When Mayor Eric Adams revealed a new design campaign, “We Love NY,” this week — an update to the Milton Glaser “I Love NY” sign that has been synonymous with the city since debuting 46 years ago — many wondered simply: why?
The design has been dragged through the mud on pretty much every major publication, not only for the design itself that one Twitter user called “what happens when you price all the artists out of your city” but also as a misuse of funds (as Hell Gate argues you might think of “facelifts” to the public transit system and the city’s housing crisis first).
Now New Yorkers are dunking on the city campaign for its claim to love “the churro lady” in its Instagram post promoting the design overhaul. The churro lady in New York is not a single person but rather has come to be representative of the churro vendors in the subway, often women, who have been routinely ticketed by the city and are the subject of law enforcement harassment.
The Street Vendor Project, which advocates for street vendors in New York City, wrote in the comments section of the post, “Please return the $1,000 fines issued to churro ladies,” while others have taken to Twitter to point out the hypocrisy, with one journalist writing, “does this gets [sic] the churro lady a free pass next time she gets arrested by NYPD?”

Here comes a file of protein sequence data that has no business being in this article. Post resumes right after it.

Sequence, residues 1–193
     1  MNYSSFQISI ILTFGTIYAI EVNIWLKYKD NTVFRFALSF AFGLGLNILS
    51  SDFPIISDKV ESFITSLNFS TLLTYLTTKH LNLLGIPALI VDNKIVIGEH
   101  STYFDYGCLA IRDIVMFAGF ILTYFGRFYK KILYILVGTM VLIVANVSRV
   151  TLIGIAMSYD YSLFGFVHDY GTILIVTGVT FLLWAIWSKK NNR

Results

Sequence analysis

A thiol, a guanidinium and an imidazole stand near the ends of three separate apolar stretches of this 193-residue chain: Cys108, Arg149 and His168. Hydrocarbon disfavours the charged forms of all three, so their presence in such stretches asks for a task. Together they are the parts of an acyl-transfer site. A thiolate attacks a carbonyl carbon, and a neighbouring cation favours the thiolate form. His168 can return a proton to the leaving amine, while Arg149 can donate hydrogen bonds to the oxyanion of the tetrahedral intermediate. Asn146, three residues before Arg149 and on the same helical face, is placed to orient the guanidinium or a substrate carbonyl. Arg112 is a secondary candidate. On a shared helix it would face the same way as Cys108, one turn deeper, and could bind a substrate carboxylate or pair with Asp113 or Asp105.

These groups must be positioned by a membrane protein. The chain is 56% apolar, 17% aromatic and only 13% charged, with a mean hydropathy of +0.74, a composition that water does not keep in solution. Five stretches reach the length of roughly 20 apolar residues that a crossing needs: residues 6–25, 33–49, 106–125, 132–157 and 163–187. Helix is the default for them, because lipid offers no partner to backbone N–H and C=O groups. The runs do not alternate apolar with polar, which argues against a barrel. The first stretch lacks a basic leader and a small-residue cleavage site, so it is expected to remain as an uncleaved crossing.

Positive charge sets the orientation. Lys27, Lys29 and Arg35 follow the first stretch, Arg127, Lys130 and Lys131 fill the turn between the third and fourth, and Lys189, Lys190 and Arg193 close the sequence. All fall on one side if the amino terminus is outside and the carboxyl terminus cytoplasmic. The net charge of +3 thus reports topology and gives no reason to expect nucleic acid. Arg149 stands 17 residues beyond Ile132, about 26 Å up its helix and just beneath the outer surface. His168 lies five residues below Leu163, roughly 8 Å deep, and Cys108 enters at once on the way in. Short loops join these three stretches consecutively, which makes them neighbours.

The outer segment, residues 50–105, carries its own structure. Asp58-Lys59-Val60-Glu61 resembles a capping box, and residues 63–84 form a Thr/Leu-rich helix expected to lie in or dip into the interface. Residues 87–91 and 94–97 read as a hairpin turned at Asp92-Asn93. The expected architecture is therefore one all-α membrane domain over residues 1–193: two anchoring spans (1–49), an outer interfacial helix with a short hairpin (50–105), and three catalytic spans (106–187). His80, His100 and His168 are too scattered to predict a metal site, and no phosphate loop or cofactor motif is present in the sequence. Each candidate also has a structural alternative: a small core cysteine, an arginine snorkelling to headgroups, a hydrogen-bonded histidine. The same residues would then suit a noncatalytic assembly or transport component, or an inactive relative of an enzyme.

A 2022 report by Gothamist found that despite the city claiming to move enforcement away from the NYPD, street vendors are actually getting ticketed more than they used to. This month, the city announced it would be moving street vendors out of the jurisdiction of the Department of Consumer and Worker Protection, to the Sanitation Department. At the time, City Councilmembers Sandy Nurse and Shahana Hanif, wrote in a joint statement that “the Department of Sanitation’s mission is street cleanliness, not enforcing vendor licenses.” The Street Vendor Project, for its part, wrote of the decision in a public statement: “Small businesses run by immigrants, veterans, and low-income New Yorkers are not trash.”
Earlier in March, Pix11 covered a protest for street vendor rights in the city, with one vendor telling the publication that “They should not criminalize street vending. We are a small business. We need more permits and licenses.” Often street vendors in New York City are licensed, but it is much harder for them to obtain permits. As Mother Jones reported, they are in limited supply; legislation was passed to help permits become more widespread but the city has nevertheless stalled on the promise.